Enterprise, Trade and Employment Minister Micheál Martin was quizzed in the Dáil yesterday by opposition deputies as to why the government's Chief Scientific Adviser "Doctor" Barry McSweeney was appointed without an interview and why, given his bogus PhD, he is still in the job (you can read the entire exchanges here). Brendan Howlin TD put the following point to the Minister:
The principal academic qualification, the PhD held by the chief science adviser, is in question. Is the Minister satisfied that the awarding university, the Pacific Western University, is acceptable for the prestigious post of chief science adviser? Has the Minister independently checked the university’s record, its capacity and its recognition within the academic community in the US, or is the Minister entirely dependent on the view given by the chief science adviser?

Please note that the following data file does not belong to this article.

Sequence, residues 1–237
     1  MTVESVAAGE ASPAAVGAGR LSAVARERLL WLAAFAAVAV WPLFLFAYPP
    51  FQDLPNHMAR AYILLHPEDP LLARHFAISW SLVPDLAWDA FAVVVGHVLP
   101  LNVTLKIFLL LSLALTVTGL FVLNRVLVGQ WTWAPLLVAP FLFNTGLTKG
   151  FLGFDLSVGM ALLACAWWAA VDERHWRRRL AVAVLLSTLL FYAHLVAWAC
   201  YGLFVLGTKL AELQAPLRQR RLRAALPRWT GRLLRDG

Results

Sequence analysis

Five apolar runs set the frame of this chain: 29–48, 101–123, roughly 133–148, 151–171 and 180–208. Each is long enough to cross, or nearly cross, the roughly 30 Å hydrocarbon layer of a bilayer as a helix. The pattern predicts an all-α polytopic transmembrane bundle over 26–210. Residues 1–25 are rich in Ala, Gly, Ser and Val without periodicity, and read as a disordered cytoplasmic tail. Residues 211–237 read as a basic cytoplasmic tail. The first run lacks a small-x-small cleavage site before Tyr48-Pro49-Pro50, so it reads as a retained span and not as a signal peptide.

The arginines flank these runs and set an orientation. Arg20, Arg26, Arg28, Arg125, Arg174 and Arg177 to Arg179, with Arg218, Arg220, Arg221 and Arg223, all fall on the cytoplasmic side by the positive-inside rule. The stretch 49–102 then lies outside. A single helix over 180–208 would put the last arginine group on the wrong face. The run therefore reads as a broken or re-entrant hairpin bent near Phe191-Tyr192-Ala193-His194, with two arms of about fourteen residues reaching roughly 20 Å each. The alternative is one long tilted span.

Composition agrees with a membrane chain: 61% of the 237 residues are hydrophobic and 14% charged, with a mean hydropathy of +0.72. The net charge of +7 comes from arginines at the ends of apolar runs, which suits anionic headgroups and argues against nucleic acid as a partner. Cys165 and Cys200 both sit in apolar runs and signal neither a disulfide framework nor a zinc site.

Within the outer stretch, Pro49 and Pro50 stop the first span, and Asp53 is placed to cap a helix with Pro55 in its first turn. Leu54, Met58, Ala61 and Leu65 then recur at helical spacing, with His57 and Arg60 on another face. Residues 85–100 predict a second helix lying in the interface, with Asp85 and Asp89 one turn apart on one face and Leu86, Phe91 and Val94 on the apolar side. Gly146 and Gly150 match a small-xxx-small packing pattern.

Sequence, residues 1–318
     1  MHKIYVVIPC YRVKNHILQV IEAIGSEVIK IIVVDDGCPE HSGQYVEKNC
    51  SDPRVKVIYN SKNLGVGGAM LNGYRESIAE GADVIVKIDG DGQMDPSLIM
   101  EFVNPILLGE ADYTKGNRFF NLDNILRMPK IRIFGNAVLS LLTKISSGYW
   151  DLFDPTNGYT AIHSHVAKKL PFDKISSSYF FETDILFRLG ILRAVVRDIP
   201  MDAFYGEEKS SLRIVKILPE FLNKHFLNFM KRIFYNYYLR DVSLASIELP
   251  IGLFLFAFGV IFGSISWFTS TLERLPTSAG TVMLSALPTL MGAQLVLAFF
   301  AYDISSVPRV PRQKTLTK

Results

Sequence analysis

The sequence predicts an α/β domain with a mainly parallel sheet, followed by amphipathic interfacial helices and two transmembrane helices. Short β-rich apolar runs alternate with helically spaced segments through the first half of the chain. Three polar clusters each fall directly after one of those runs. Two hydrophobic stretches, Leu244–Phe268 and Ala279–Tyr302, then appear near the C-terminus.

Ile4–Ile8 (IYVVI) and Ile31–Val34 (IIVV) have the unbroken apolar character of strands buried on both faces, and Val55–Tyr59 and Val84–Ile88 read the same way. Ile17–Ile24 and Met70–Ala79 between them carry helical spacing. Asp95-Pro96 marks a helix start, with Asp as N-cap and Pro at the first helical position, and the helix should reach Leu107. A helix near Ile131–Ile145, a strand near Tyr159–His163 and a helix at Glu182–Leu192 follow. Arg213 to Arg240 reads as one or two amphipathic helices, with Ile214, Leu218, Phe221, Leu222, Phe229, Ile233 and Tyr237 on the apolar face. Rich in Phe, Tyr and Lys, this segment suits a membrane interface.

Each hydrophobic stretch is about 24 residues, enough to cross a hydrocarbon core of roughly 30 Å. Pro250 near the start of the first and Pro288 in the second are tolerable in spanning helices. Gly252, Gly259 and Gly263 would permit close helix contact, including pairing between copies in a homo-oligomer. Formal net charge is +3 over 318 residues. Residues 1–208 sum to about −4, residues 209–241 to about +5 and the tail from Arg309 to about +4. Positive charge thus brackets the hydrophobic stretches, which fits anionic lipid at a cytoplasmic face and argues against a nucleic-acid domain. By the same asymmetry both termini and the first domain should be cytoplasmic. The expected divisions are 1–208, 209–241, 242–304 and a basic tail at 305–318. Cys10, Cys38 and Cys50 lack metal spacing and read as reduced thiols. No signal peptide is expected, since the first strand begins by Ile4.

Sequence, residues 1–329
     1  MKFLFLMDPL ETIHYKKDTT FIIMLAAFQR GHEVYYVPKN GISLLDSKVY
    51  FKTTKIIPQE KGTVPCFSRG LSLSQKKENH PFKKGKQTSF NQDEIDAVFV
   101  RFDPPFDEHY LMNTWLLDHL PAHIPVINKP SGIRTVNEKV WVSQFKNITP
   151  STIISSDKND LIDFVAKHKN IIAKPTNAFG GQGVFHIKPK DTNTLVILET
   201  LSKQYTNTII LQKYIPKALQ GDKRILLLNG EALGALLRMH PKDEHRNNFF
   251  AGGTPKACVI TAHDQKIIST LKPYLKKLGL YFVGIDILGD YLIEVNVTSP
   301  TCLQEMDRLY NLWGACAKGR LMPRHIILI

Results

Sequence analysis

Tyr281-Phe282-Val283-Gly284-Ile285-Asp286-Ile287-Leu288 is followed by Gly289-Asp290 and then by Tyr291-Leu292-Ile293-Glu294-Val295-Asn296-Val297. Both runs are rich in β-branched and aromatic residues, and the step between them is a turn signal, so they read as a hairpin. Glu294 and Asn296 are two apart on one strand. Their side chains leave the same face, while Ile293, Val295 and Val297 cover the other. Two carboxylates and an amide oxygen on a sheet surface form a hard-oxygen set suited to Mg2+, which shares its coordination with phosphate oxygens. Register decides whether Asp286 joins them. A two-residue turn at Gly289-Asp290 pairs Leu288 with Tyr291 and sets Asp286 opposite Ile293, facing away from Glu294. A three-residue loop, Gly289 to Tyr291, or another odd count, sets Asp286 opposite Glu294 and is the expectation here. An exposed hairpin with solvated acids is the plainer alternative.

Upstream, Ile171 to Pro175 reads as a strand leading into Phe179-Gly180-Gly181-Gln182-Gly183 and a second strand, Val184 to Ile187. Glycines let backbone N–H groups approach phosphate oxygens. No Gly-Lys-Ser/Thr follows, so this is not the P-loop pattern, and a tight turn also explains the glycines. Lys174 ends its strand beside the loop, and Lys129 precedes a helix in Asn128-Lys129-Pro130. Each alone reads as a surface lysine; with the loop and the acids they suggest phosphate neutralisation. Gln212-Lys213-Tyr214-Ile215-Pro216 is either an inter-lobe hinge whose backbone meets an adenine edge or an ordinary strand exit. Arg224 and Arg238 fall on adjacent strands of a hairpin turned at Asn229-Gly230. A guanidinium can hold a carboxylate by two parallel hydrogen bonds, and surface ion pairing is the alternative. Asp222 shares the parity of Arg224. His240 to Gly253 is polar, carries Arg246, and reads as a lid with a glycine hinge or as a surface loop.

Martin replied that he had asked the National Qualifications Authority of Ireland to "assess the bona fides of that institution" and "its view was that it did not have accrediting powers within the US. In our discussions with the chief science adviser, his view was that the body he dealt with at that time is vastly different from the one in place now".
Ha! Of course it's different now. When McSweeney was "awarded" his doctorate he probably had to send a cheque in the mail instead of processing the transaction over the Internet. Is it likely that a respectable academic institution would turn itself into a degree mill?
I am also concerned with the fact that such an important post was never advertised. Deputy Howlin pointed out that "the Minister referred to the appointment of the Director of Consumer Affairs as being of such importance that a worldwide search would have to be carried out independently by the Public Appointments Service, so critical was that job to the economy" He asked "if the Minister regard the job of chief science adviser, one of the pillars of the approach of recognising science as a pivotal part of Ireland’s economic future, in the same light? Would it not have been best to advertise to find whether a more suitable candidate was available, rather than simply selecting one individual, as exemplary as the Minister obviously believes the candidate to be?" Micheál Martin chose not to reply to this substantive point.